Another large nazi youth organisation during this time was the Schilljugend, formed by Gerhard Rossbach in Austria and led in Germany by SA-Gruppenführer Edmund Heines.
When Hitler was released he did not immediately decide on who should lead the new official youth movement of the NSDAP, and soon Lenk decided to leave the competion and following the refusal of Rossbach to accept Hitler as the leader, the task was handed to Gruber.

The GDJB was rechristed the Hitler Jugend, Bund Deutscher Arbeiterjugend (HJ) and made the official youth movement during the Reichparteitag held at Weimar 3-4 July 1926. Gruber was made Reichsführer der HJ but did not move his headquarters to Munch and chose to keep it at Plauen. The HJ was once again a part of the SA and also used the SA uniform, which caused some members to be killed because they were mistaken for SA soldiers. This prompted the design of a unique HJ-uniform.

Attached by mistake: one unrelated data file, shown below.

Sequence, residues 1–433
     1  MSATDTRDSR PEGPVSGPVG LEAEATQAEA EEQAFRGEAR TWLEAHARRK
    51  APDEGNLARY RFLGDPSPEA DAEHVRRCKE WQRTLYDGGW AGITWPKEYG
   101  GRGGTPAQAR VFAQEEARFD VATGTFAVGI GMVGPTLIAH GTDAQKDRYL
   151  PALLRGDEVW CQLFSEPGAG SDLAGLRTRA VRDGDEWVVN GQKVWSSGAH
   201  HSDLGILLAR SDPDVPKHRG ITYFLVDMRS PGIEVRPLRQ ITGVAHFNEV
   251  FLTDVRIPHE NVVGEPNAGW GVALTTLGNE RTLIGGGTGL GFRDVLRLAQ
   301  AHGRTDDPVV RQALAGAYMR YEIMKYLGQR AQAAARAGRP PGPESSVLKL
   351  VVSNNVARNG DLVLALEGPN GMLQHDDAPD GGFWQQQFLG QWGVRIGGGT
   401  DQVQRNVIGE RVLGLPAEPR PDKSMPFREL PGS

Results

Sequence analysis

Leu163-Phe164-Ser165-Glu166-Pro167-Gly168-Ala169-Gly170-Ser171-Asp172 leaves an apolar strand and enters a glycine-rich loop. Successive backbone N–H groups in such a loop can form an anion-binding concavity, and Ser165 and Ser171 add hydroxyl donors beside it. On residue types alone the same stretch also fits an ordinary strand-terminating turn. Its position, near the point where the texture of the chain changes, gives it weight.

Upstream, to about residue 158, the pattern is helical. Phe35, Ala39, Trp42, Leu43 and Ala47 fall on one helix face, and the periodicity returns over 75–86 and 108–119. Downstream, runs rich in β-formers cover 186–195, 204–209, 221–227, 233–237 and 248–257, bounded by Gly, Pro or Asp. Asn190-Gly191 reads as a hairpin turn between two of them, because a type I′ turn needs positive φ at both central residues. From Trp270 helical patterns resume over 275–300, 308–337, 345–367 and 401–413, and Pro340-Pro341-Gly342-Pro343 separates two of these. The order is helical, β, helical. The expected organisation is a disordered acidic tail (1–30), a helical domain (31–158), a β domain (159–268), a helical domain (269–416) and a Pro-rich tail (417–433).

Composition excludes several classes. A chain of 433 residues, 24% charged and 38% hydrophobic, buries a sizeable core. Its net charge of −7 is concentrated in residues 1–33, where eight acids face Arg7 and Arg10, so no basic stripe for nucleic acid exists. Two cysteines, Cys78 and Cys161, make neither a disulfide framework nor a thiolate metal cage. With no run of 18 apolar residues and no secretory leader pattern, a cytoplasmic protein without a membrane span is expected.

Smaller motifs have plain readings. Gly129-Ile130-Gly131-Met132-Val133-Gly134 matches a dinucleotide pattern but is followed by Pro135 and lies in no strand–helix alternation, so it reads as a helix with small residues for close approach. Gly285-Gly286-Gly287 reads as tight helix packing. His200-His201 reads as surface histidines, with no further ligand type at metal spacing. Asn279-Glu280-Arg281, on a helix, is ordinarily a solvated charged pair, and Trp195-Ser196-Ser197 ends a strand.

The HJ did not increase its membership by more than a few hundred during the next few years and this did of course not please Hitler. He ordered the HJ headquarters to be moved to Munich in 1931 and Gruber was soon forced to leave his post. The new post Reichsjugendführer was created to head the youth movements of the NSDAP (HJ, National-Sozialistische Schülerbund (NSS), National-Sozialistische deutsche Studentenbund (NSDSt.B)) and Baldur von Schirach was appointed to the post. He also was head of the NSDSt.B and Adrian von Renteln was made head of the HJ and NSS.

A section for boys 10-14 years old was formed Dec 1928 in Plauen under the name Deutsch Knabenschaft but the name was changed to Deutsche Jungvolk in der HJ 27 Mar 1931 when it was formally made a subsection of the HJ.

At the same time it was decided that a section for girls over the age of 14, Schwesternschaft der HJ, would be founded it was not made official until July 1929. It was renamed Bund deutscher Mädel (BDM) July 1930 and a section of girls 10-14 years old, Jungmädelgruppe (JM), was founded Apr 1931. An equivalent of the NSS for girls, the National-Sozialistische Schülerinnenbund (NSSi) also existed but it was merged with the BDM July 1932.

von Renteln resigned in 1932, having done much to rid the HJ of many incompetent or otherwise unsuitable leaders (most of their replacements coming from the middle- and upper-class dominated NSS and NSDStB), and von Schirach took over his posts too (the NSS was soon merged with the HJ).